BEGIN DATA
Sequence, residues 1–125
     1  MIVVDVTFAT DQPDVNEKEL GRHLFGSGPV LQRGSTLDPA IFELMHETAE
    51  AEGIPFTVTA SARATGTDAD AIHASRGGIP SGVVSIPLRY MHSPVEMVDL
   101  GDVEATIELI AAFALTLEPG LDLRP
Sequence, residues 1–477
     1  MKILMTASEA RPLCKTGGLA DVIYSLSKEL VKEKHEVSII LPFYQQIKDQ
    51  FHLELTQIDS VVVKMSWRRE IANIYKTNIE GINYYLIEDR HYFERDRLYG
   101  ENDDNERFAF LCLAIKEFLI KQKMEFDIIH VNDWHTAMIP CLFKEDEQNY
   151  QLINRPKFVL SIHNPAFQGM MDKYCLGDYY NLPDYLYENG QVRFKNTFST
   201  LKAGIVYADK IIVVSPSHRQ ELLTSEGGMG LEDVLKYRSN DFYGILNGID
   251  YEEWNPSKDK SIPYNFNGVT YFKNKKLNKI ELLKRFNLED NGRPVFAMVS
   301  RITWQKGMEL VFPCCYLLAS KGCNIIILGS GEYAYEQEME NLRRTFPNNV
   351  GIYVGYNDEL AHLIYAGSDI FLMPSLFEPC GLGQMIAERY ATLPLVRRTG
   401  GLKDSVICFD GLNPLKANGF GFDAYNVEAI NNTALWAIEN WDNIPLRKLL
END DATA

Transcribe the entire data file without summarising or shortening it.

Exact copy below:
Sequence, residues 1–125
     1  MIVVDVTFAT DQPDVNEKEL GRHLFGSGPV LQRGSTLDPA IFELMHETAE
    51  AEGIPFTVTA SARATGTDAD AIHASRGGIP SGVVSIPLRY MHSPVEMVDL
   101  GDVEATIELI AAFALTLEPG LDLRP
Sequence, residues 1–477
     1  MKILMTASEA RPLCKTGGLA DVIYSLSKEL VKEKHEVSII LPFYQQIKDQ
    51  FHLELTQIDS VVVKMSWRRE IANIYKTNIE GINYYLIEDR HYFERDRLYG
   101  ENDDNERFAF LCLAIKEFLI KQKMEFDIIH VNDWHTAMIP CLFKEDEQNY
   151  QLINRPKFVL SIHNPAFQGM MDKYCLGDYY NLPDYLYENG QVRFKNTFST
   201  LKAGIVYADK IIVVSPSHRQ ELLTSEGGMG LEDVLKYRSN DFYGILNGID
   251  YEEWNPSKDK SIPYNFNGVT YFKNKKLNKI ELLKRFNLED NGRPVFAMVS
   301  RITWQKGMEL VFPCCYLLAS KGCNIIILGS GEYAYEQEME NLRRTFPNNV
   351  GIYVGYNDEL AHLIYAGSDI FLMPSLFEPC GLGQMIAERY ATLPLVRRTG
   401  GLKDSVICFD GLNPLKANGF GFDAYNVEAI NNTALWAIEN WDNIPLRKLL